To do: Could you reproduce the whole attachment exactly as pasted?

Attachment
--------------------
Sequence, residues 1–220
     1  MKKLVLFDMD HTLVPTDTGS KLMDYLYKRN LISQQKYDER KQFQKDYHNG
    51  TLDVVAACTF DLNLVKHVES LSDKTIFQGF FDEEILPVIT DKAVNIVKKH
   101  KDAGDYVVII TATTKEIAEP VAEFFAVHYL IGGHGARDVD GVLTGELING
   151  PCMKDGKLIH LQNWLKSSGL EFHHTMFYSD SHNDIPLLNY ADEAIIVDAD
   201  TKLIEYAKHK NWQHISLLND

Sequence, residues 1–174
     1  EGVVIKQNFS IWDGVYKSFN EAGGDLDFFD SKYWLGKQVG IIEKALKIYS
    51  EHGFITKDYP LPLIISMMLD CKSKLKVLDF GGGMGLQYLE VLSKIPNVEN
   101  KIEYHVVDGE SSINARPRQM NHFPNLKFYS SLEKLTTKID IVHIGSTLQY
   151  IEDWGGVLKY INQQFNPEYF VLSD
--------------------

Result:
Sequence, residues 1–220
     1  MKKLVLFDMD HTLVPTDTGS KLMDYLYKRN LISQQKYDER KQFQKDYHNG
    51  TLDVVAACTF DLNLVKHVES LSDKTIFQGF FDEEILPVIT DKAVNIVKKH
   101  KDAGDYVVII TATTKEIAEP VAEFFAVHYL IGGHGARDVD GVLTGELING
   151  PCMKDGKLIH LQNWLKSSGL EFHHTMFYSD SHNDIPLLNY ADEAIIVDAD
   201  TKLIEYAKHK NWQHISLLND

Sequence, residues 1–174
     1  EGVVIKQNFS IWDGVYKSFN EAGGDLDFFD SKYWLGKQVG IIEKALKIYS
    51  EHGFITKDYP LPLIISMMLD CKSKLKVLDF GGGMGLQYLE VLSKIPNVEN
   101  KIEYHVVDGE SSINARPRQM NHFPNLKFYS SLEKLTTKID IVHIGSTLQY
   151  IEDWGGVLKY INQQFNPEYF VLSD